The VL Ring Crown family derives from a lamp designed by architect Vilhelm Lauritzen for the Danish Broadcasting House in Copenhagen in the 1940s. The wall lamp and pendant versions, with the characteristic organic form, were put to good use at the Danish Broadcasting House. For this project Vilhelm Lauritzen also created the VL38 and VL45 lamps. The original VL Ring Crown never appeared there, but not long after, a Ring Crown based on the original drawings was launched. In 1947, the designer Finn Juhl, who worked for Vilhelm Lauritzen, used the VL Ring Crown as part of the interior design for the Danish porcelain manufacturer Bing & Grøndahl in Copenhagen. True to its original materials and design, the VL Ring Crown was reintroduced in 2019. It’s made of untreated, polished brass and with three, five or seven shades in glossy white, triple-layered, mouth-blown opal glass. It was complemented by the wall lamps and pendant originally installed in the Danish Broadcasting House. The VL Ring Crown family brings a distinct and authentic touch to stylish interiors as well as a warm light to softly illuminate contemporary living.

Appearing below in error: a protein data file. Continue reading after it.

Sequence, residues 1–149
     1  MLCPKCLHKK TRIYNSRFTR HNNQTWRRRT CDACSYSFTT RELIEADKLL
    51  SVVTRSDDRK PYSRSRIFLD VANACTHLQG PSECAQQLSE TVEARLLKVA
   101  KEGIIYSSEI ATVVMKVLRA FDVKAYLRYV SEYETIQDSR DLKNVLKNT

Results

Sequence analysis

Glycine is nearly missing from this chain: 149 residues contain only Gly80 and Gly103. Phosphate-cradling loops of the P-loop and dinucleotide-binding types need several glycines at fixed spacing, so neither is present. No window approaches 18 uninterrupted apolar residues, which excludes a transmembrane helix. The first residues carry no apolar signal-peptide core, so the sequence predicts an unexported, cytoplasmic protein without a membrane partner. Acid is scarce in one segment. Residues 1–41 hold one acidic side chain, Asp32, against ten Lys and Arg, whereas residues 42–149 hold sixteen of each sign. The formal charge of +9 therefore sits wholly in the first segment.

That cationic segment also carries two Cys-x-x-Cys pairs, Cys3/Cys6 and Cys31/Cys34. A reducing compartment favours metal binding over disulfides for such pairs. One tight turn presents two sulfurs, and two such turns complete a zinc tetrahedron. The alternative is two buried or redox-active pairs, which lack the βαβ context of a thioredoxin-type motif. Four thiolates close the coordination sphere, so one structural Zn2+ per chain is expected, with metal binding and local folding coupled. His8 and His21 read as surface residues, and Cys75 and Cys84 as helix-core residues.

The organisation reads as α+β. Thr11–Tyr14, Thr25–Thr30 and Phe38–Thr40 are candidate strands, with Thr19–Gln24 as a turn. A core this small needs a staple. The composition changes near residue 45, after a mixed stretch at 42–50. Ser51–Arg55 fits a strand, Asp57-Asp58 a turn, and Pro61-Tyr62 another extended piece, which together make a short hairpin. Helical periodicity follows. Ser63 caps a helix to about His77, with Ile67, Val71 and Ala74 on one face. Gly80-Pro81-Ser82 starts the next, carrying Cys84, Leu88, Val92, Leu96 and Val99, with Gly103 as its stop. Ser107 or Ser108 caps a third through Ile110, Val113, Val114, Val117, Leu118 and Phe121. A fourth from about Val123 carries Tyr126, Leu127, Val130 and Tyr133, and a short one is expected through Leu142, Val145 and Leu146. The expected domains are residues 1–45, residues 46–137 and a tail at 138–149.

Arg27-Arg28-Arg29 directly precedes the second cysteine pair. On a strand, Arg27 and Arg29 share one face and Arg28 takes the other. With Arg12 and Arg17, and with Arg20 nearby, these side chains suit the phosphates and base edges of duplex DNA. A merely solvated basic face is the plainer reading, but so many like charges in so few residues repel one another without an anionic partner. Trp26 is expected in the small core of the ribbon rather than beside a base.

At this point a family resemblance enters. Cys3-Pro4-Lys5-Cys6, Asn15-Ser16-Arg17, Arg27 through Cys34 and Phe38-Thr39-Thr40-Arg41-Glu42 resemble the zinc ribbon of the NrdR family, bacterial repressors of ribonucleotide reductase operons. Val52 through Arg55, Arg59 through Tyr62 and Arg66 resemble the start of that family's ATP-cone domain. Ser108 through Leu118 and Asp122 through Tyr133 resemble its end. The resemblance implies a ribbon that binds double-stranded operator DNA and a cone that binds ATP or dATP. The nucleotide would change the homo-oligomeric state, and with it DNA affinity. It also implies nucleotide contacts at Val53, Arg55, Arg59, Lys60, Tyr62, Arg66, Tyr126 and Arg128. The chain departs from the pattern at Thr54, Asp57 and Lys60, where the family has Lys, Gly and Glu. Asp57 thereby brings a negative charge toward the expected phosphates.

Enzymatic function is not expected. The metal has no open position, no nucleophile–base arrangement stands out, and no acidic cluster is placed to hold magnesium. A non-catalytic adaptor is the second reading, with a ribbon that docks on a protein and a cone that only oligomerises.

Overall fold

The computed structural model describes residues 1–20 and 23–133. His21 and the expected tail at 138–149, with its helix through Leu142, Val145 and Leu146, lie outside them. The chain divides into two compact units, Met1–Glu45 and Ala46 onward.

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|Name||VL Ring Crown 3 Suspension Lamp|
|Family Name||VL Ring|
|Indoor / Outdoor||Indoor|
|Net Weight||5.2 Kg|
|Dimensions||Pendant Diameter: 21.65 inch, Pendant Height: 9.17 inch|
|Cord Length||4 Meter|
|Material||Glossy, mouthblown white opal glass. Satin polished brass, untreated.|
Vilhelm Lauritzen (1894-1984) is one of the most significant architects in the history of Denmark; he was the trail-blazing figurehead of Danish functionalism. A number of his buildings - Nørrebro Theatre (1931-32), Daells Varehus department store (1928-35), Radiohuset (1936-41) and the first airport built in Kastrup (1937-39) - represented the concentrated essence of contemporary life. Other significant buildings to stem from Lauritzen's drawing board include Folkets Hus (1953-56) better known today as the Vega concert venue, the Shellhuset (1950-51) building and the Danish embassy in Washington (1958-60). In particular the Radiohuset building and the earliest version of Kastrup Airport - both listed today - are considered peerless monuments to modernism in the European genre of construction. Throughout his life, Vilhelm Lauritzen adhered to the principle that architecture is applied art - with equal emphasis on both 'art' and 'applied'. "No life without aesthetics" was another one of Vilhelm Lauritzen's firmly held beliefs. Vilhelm Lauritzen mastered both daylight and artificial lighting.View All Products